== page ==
Sengol is not just a symbol of rule of law, but it also reminds one that the rule of law is supreme. The very meaning of the word split into Sem+ Kol where Sem means Semmai referring to great, upright, well-made etc., and Kol denoting stick or staff, spear, arrow (as per Tamil dictionary), connotes the Rod of Righteousness. This is the same as the Dharma-Danda mentioned in the Mahabharata several times. More often, the contexts where the word Sengol appears in the Tamil Sangam corpus are seen with an additional expression indicating ‘Dharma’. Words such “Aram puri Sengol” in the Perumpaanaarru-p-padai or “Aram thunjum Sengol” and “Aram purindhanna Sengol” in Pura Nanuru verses 20 and 35 are expressed with the word Aram, meaning Dharma.


Poet Kapilar praised the Sengol of king Paari that it brought rainfall and prosperity to the land. It is worth mentioning in this context an old Tamil poem composed by the Sangam age poetess Auvaiyaar and quoted by Prime Minister Narendra Modi during his Chennai visit (14 February 2021), which links Sengol to raising the bund of the paddy fields.

Varappuyara neer vuyarum,

Neer vuyara nel vuyarum,

Nel vuyara kudi vuyarum,

Kudi vuyara KOL vuyarum,

Kol vuyara kon vuyarum


This poem says, “raise the bund, the water level will increase. Abundant water gives abundant produce of paddy. Abundant produce of paddy increases the prosperity of the people. Prosperous people strengthen the Sengol. The king with that Sengol will become great.”


The wealth accumulation caused by increasing the water-flow to the paddy fields brought good returns to the people and the exchequer as well (by taxes). The wealth creation to the people and to the exchequer went on smoothly by the rule of law. If the rod of chastisement had wavered, only theft, loss and agony would have resulted.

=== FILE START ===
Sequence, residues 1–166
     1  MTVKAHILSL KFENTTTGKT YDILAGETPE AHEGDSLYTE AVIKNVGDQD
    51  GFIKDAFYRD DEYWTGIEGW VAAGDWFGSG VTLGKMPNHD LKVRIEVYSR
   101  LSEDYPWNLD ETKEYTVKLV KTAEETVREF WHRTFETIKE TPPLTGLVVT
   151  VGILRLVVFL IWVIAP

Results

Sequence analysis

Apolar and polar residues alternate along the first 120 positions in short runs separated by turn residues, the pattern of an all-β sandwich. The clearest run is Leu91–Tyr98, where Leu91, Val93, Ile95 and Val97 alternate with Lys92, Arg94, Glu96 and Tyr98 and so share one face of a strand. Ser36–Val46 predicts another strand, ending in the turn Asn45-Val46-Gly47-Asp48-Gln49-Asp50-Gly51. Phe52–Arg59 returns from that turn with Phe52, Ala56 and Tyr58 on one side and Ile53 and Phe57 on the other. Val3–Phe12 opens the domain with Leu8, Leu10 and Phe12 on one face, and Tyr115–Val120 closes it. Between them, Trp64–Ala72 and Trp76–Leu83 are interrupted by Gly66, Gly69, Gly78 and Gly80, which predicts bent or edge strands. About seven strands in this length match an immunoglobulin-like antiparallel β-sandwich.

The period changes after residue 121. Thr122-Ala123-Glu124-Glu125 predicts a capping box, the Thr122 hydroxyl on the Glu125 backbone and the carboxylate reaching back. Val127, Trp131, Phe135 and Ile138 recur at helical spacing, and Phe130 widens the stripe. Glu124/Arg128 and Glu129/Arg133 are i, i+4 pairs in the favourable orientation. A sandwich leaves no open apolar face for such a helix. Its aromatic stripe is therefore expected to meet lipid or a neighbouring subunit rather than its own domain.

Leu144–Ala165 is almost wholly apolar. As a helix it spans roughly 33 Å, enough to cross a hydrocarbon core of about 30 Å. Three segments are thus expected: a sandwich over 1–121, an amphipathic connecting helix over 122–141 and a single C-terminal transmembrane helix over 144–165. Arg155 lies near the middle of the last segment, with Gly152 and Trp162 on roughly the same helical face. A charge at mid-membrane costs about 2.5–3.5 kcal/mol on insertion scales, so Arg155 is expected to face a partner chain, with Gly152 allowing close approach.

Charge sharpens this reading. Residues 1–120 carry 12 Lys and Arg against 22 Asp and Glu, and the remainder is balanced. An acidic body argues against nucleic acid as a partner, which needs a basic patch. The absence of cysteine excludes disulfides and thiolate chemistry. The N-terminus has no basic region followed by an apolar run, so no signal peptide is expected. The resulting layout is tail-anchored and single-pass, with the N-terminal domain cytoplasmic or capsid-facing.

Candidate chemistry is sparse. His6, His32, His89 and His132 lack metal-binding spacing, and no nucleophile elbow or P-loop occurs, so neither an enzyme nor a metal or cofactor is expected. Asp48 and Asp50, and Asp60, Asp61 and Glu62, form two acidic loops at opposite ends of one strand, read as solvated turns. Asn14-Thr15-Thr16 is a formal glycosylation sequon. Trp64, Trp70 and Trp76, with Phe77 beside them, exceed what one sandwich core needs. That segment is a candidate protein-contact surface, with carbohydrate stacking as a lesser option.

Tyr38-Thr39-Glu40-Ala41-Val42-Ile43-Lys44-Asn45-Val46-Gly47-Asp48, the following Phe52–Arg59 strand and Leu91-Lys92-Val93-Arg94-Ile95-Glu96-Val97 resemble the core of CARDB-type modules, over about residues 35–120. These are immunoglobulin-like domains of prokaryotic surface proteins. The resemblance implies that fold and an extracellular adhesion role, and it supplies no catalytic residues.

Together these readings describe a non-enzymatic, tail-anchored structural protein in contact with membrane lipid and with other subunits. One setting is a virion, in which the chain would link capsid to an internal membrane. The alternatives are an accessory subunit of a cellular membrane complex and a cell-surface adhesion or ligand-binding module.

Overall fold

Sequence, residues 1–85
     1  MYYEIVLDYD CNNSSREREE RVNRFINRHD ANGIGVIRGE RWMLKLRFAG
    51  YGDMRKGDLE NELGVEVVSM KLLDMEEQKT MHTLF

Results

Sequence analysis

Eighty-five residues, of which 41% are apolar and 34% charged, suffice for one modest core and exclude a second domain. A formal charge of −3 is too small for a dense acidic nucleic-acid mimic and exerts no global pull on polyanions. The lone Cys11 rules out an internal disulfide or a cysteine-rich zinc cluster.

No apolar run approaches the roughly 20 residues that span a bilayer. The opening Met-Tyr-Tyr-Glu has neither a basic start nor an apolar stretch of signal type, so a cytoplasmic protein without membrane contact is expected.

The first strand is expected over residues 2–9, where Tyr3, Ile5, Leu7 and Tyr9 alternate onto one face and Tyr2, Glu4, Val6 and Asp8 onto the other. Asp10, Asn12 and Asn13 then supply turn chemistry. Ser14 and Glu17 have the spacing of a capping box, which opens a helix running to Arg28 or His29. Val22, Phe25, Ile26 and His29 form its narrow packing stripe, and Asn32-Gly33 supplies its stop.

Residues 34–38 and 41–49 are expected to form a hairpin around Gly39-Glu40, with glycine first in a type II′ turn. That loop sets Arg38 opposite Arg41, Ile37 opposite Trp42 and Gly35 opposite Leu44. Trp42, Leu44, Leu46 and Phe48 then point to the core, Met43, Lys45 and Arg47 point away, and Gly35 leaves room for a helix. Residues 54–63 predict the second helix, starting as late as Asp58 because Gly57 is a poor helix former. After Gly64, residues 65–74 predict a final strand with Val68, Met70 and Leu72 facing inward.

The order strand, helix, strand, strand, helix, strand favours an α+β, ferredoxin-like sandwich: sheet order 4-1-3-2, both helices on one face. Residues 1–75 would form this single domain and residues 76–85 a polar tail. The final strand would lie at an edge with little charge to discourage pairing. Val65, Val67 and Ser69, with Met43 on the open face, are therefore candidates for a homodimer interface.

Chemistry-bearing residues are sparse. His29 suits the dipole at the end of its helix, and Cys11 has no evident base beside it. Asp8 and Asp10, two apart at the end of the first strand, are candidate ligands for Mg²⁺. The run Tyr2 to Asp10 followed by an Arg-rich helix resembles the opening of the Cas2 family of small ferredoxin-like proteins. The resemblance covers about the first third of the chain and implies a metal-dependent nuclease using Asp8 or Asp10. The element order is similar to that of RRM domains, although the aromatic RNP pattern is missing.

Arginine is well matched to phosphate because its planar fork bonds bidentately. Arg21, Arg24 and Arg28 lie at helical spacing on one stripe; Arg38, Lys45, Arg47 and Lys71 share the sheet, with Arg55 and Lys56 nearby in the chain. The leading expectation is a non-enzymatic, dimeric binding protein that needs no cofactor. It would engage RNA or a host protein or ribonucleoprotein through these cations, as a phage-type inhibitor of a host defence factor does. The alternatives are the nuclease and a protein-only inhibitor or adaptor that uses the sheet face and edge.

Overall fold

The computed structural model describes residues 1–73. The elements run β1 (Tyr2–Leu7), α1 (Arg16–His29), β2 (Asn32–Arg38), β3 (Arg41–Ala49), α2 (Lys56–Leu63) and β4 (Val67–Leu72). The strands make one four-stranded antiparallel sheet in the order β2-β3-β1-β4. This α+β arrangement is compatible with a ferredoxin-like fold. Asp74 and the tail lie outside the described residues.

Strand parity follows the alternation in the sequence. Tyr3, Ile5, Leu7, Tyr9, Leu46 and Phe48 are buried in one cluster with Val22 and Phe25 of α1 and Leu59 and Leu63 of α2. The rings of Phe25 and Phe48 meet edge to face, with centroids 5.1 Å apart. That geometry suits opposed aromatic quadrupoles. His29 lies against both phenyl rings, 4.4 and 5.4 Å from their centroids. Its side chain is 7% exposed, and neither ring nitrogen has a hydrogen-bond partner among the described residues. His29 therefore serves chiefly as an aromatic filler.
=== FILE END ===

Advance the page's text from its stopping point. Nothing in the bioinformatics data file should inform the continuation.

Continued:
Misery may come in other ways too, as it happened for Madurai when Kannagi burnt Madurai for the murder of her husband, Kovalan, by a royal decree for an offense not committed by him. The epic composition of Silappadhikaram describes the lowering of the parasol and the Sengol of the Pandyan king, Nedum Chezhian, on seeing the evidence of Kovalan’s innocence. The king fell dead then and there, unable to bear the injustice done by him. This aspect of Sengol as Danda giving punishment to the wielder of the Sengol for miscarriage of justice shows who is supreme – the Sengol or the wielder of the Sengol.


The Sengol is supreme as it represents the supreme authority of the rule of law. The wielder of the Sengol is only a servant of the Sengol, to carry out the law of the land. This makes the fact clear that the Sengol has everlasting relevance, for all times. Such a symbol was picked out providentially at the time of our independence from colonial rule to mark the transfer of power, whereas it originally stands for the authority and rule of Dharma in our country where Dharma was under stress by the rule of foreigners until then.


Thiruvavaduthurai Adheenam was chosen to undertake the making and the delivery of the Sengol, mainly because that was a leading centre of Renaissance of Tamil in pre-Independent India where many olden texts of Sangam Tamil were preserved and brought out in print by scholars such as Dr. U.V. Swaminatha Iyer. For anything on antiquity and olden traditions, the scholars and the publications of this Adheenam were in the forefront to offer help. That is how this Adheenam’s name came to the fore and not because it was in the Chola country.


The image of bull on top of the Sengol, though designed with due allegiance to the philosophical leanings of the Adheenam, represents the foremost source of Danda Niti as told in the Mahabharata. It was originally given by Brahma deva to Lord Shiva. (Mb: 12-59)


Lord Shiva gave the sastra of Danda Niti to his consort, Uma Devi, by which it came to be known as Vaisalakasha. It had 10,000 chapters (adhyaya).


It was received by Indra who rendered it as Vahudantaka in 5,000 chapters.


Brihaspati received it from Indra and rendered it as Varhaspatya in 3,000 chapters.


Sukracharya (known as Kavi) received it from Brihaspati and rendered it in 1,000 chapters.


This niti sastra became prevalent throughout Bharat. Manu and others derived their law books from this only.


Thus, basically it was Shiva’s rule of law, fittingly represented by His bull placed on top of the Sengol. Let it keep reminding the elected leaders of all times the duty and expectation bestowed upon them by the Sengol.